Please use this identifier to cite or link to this item: http://hdl.handle.net/10553/58415
|Title:||Historical photographs of captures of recreational fishers indicate overexploitation of nearshore resources at an oceanic island||Authors:||Jimenez-Alvarado, David
Sarmiento Lezcano, Airam Nauzet
Santana del Pino, Ángelo
Sealey, Michael J.
Castro Hernández, José Juan
|UNESCO Clasification:||240119 Zoología marina||Keywords:||Atlantic Ocean
|Issue Date:||2019||Journal:||Journal of Fish Biology||Abstract:||In this study, we used a historical collection of photographs taken by recreational fishers from 1940 to 2014, at the island of Gran Canaria, to show both a significant decrease in the mean total length of Epinephelus marginatus and a concurrent change in the composition of captures. Before 1980, the mean total length of fish caught and photographed was c. 100 cm, while after 2009 this was typically < 40 cm. Before 1980, the predominant captured species was E. marginatus (an apex predator), but currently the majority of catches are of omnivorous species, in particular the parrotfish, Sparisoma cretense and seabreams Diplodus spp. Overall, integration of these results indicates a qualitative and quantitative variation in captures of recreational fishers, probably as a sign of change in ecological balances and the overfished status of many target species.||URI:||http://hdl.handle.net/10553/58415||ISSN:||0022-1112||DOI:||10.1111/jfb.13969||Source:||Journal Of Fish Biology [ISSN 0022-1112], v. 94 (6), p. 857-864|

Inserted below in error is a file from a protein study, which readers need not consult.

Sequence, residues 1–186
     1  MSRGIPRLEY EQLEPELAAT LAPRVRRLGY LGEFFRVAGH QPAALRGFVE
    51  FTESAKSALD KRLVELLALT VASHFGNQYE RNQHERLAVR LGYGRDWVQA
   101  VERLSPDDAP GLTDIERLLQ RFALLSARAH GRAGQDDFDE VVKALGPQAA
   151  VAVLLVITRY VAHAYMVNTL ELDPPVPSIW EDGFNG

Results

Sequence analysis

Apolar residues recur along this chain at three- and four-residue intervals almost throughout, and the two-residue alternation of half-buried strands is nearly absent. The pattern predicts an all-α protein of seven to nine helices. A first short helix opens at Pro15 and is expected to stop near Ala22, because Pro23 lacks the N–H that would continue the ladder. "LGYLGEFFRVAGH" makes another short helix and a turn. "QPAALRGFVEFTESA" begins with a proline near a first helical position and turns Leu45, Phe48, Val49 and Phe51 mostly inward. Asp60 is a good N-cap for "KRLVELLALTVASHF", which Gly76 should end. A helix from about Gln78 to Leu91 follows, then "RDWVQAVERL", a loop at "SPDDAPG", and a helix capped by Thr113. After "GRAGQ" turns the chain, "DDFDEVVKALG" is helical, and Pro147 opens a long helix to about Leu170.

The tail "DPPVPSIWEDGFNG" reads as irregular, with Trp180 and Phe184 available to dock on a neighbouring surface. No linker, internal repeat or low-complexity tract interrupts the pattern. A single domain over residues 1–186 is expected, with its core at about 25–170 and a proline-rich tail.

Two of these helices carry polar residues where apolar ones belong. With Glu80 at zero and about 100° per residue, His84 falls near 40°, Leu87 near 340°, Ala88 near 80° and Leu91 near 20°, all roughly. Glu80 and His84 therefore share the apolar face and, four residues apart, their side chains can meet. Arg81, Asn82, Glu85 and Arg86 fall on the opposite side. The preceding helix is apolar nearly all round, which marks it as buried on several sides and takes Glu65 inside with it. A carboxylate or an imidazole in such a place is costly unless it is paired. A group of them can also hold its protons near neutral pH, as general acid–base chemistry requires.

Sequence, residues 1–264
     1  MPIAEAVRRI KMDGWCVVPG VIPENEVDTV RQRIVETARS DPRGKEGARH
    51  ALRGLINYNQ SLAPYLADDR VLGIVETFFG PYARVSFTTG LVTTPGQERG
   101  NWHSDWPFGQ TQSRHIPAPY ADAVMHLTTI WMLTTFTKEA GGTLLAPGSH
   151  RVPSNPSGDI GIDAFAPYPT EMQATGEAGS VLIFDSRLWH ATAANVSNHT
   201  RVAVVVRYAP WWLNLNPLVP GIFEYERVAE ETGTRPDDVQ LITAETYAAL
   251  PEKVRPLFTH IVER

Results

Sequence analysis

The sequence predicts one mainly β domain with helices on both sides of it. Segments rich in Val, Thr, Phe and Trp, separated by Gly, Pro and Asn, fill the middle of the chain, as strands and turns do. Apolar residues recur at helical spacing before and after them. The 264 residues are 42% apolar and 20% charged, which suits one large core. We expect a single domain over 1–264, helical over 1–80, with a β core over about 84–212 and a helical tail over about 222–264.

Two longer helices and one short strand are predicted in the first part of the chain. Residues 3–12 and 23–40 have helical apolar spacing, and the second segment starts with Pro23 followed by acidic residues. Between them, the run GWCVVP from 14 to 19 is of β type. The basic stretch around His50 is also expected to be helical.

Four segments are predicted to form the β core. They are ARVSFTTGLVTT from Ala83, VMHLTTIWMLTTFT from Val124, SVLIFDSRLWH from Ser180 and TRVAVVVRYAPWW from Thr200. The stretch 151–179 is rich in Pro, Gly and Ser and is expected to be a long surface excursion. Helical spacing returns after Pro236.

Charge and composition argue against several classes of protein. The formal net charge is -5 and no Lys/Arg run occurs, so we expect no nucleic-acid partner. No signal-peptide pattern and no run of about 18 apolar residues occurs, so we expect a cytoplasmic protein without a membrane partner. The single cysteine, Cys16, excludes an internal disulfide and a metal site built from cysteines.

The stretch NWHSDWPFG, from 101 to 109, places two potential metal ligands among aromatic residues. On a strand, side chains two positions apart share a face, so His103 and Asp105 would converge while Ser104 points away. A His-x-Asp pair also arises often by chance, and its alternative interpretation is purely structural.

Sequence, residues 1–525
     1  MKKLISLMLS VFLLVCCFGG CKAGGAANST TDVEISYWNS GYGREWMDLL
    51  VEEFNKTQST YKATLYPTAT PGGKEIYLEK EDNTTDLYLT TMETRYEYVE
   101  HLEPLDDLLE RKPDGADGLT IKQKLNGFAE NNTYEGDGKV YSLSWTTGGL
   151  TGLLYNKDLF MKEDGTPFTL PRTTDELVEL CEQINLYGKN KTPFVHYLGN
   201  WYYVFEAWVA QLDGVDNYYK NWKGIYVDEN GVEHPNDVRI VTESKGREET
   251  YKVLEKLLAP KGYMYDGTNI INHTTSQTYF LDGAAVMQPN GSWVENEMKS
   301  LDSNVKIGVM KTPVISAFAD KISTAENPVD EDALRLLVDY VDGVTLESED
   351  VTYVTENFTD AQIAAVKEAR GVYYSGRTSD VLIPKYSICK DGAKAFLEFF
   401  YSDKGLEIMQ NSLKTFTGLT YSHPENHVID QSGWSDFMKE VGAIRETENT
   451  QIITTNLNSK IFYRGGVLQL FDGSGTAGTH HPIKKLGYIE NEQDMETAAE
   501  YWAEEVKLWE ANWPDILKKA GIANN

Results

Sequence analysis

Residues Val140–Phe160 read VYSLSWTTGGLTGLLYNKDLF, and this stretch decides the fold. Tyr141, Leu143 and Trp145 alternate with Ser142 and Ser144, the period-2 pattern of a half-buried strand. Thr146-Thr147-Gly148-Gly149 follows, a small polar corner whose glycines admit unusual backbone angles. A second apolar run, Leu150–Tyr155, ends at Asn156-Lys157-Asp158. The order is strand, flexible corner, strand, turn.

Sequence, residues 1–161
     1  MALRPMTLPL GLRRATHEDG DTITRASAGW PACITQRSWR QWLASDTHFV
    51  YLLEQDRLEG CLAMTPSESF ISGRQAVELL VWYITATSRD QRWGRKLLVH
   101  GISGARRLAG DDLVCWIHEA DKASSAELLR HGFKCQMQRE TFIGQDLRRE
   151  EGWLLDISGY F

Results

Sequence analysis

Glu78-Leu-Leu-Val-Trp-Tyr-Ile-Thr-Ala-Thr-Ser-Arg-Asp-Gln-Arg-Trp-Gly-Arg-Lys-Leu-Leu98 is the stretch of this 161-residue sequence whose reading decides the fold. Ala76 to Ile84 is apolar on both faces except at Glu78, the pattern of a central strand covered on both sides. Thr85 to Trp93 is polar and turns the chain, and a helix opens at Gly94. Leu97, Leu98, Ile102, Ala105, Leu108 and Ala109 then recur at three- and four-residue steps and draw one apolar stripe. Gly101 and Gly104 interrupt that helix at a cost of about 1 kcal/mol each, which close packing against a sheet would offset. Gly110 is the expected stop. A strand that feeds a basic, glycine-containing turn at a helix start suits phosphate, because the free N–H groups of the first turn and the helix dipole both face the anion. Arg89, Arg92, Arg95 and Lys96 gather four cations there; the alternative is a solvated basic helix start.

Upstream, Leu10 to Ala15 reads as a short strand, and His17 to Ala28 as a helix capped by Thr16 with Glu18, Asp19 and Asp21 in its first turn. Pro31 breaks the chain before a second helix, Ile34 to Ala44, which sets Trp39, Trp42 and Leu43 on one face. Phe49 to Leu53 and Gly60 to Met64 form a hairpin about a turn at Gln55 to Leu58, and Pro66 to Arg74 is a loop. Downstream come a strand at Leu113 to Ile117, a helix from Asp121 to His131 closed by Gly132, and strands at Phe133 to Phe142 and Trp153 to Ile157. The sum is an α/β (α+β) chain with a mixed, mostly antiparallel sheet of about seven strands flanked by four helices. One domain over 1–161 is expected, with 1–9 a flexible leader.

|Appears in Collections:||Artículos|
Show full item record
WEB OF SCIENCETM
checked on Jan 25, 2020
Items in DSpace are protected by copyright, with all rights reserved, unless otherwise indicated.